"Let me know about Lalla Rookh, which must be out by this time.

"I restore the proofs, but the punctuation should be corrected. I feel too lazy to have at it myself; so beg and pray Mr. Gifford for me.—Address to Venice. In a few days I go to my villeggiatura, in a cassino near the Brenta, a few miles only on the main land. I have determined on another year, and many years of residence if I can compass them. Marianna is with me, hardly recovered of the fever, which has been attacking all Italy last winter. I am afraid she is a little hectic; but I hope the best.

"Ever, &c.

"P.S. Torwaltzen has done a bust of me at Rome for Mr. Hobhouse, which is reckoned very good. He is their best after Canova, and by some preferred to him.

"I have had a letter from Mr. Hodgson. He is very happy, has got a living, but not a child: if hePg 34 had stuck to a curacy, babes would have come of course, because he could not have maintained them.

"Remember me to all friends, &c. &c.

"An Austrian officer, the other day, being in love with a Venetian, was ordered, with his regiment, into Hungary. Distracted between love and duty, he purchased a deadly drug, which dividing with his mistress, both swallowed. The ensuing pains were terrific, but the pills were purgative, and not poisonous, by the contrivance of the unsentimental apothecary; so that so much suicide was all thrown away. You may conceive the previous confusion and the final laughter; but the intention was good on all sides."


"Venice, June 8. 1817.

"The present letter will be delivered to you by two Armenian friars, on their way, by England, to Madras. They will also convey some copies of the grammar, which I think you agreed to take. If you can be of any use to them, either amongst your naval or East Indian acquaintances, I hope you will so far oblige me, as they and their order have been remarkably attentive and friendly towards me since my arrival at Venice. Their names are Father Sukias Somalian and Father Sarkis Theodorosian. They speak Italian, and probably French, or a little English. Repeating earnestly my recommendatory request, believe me, very truly, yours,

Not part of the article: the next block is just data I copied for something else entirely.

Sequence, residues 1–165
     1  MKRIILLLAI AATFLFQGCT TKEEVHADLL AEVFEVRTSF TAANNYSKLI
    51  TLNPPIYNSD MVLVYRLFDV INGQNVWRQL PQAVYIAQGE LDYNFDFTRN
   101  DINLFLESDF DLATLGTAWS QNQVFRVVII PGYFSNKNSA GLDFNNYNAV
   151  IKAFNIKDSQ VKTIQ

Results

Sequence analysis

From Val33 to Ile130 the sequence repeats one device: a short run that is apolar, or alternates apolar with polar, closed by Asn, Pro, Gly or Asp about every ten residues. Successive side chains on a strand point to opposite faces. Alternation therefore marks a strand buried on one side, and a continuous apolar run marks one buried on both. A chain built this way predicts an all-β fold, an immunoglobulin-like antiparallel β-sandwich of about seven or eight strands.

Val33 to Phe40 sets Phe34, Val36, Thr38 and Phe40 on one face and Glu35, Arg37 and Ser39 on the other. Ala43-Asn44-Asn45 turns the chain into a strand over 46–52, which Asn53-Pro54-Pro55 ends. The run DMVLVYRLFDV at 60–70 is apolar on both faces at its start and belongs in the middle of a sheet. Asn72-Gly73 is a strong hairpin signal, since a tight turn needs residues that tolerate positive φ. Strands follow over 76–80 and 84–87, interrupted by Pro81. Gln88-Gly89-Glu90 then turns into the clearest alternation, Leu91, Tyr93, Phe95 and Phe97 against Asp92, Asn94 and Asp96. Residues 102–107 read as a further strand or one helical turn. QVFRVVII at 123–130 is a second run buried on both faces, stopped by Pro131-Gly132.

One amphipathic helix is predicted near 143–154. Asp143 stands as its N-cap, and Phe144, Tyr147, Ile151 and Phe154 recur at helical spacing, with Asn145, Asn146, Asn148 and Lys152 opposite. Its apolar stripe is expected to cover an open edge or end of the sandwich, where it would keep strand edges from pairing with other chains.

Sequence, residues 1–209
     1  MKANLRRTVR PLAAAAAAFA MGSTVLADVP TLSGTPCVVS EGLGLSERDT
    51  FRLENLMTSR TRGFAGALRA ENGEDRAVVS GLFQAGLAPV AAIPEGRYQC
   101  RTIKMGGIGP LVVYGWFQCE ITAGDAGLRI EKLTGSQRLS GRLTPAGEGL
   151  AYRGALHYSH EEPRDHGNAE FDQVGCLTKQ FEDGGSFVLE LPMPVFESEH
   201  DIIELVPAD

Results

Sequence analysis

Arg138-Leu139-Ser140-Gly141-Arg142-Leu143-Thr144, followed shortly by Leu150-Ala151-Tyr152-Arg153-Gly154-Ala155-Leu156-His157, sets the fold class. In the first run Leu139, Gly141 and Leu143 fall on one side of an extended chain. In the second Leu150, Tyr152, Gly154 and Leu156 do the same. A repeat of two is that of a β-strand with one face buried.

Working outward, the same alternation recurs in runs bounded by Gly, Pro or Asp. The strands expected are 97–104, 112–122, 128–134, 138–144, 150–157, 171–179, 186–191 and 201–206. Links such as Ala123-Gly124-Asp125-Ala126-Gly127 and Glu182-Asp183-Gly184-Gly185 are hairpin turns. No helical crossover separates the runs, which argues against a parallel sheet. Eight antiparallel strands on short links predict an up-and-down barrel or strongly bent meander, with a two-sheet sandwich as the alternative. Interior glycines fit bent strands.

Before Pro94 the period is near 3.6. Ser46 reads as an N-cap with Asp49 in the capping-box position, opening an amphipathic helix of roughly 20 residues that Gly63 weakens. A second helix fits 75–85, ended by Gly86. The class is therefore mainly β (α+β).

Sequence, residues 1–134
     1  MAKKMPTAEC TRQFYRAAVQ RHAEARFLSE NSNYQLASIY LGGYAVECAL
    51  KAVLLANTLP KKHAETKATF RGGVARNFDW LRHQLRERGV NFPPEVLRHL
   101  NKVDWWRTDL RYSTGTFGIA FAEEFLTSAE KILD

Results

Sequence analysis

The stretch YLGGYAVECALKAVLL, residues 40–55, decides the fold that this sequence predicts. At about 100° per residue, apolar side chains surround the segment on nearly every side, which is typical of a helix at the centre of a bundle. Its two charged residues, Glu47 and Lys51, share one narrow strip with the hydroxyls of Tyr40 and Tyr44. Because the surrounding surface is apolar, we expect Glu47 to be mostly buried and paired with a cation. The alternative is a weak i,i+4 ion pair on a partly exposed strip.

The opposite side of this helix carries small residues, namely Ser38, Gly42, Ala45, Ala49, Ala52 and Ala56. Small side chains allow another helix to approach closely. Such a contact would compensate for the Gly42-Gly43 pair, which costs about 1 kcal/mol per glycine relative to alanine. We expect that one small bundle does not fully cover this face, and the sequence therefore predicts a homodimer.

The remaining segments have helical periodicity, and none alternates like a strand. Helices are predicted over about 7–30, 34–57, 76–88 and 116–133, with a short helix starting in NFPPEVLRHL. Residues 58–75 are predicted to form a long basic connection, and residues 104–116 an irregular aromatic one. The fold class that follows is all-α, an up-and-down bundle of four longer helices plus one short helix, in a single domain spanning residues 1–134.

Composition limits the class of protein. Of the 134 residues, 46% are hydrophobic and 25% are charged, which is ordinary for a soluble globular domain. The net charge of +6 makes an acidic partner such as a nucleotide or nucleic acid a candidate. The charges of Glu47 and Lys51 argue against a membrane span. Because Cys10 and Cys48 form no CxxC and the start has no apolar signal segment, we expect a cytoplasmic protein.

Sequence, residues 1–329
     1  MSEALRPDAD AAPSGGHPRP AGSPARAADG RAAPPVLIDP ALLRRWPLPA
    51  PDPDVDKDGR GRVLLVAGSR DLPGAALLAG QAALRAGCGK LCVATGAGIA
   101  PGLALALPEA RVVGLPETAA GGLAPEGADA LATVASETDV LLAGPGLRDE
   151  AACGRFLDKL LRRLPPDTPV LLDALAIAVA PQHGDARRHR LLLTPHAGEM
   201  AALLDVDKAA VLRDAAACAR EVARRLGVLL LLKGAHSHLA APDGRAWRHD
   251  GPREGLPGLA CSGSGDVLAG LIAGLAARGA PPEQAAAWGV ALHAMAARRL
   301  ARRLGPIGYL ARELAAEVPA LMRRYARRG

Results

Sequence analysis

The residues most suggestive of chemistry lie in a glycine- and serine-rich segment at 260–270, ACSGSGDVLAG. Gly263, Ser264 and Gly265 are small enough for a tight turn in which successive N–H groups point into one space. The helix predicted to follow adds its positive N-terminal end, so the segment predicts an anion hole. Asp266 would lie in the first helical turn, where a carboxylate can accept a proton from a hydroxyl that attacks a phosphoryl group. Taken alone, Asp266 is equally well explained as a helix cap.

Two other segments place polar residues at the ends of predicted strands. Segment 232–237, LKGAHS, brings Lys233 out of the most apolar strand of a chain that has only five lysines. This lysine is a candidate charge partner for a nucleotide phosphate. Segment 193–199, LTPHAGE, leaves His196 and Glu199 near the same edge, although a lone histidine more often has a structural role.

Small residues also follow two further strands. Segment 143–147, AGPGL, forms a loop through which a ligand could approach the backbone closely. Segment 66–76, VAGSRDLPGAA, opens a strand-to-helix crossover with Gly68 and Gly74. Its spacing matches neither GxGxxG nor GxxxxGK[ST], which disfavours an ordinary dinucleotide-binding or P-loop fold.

Pg 35

"Perhaps you can help them to their passage, or give or get them letters for India."


"La Mira, near Venice, June 14. 1817.

"I write to you from the banks of the Brenta, a few miles from Venice, where I have colonised for six months to come. Address, as usual, to Venice.

"Three months after date (17th March),—like the unnegotiable bill despondingly received by the reluctant tailor,—your despatch has arrived, containing the extract from Moore's Italy and Mr. Maturin's bankrupt tragedy. It is the absurd work of a clever man. I think it might have done upon the stage, if he had made Manuel (by some trickery, in a masque or vizor) fight his own battle, instead of employing Molineux as his champion; and, after the defeat of Torismond, have made him spare the son of his enemy, by some revulsion of feeling, not incompatible with a character of extravagant and distempered emotions. But as it is, what with the Justiza, and the ridiculous conduct of the whole dram. pers. (for they are all as mad as Manuel, who surely must have had more interest with a corrupt bench than a distant relation and heir presumptive, somewhat suspect of homicide,) I do not wonder at its failure. As a play, it is impracticable; as a poem, no great things. Who was the 'Greek that grappled with glory naked?' the Olympic wrestlers? or Alexander the Great, when he ran stark round the tomb of t'other fellow? or the Spartan who wasPg 36 fined by the Ephori for fighting without his armour? or who? And as to 'flaying off life like a garment,' helas! that's in Tom Thumb—see king Arthur's soliloquy: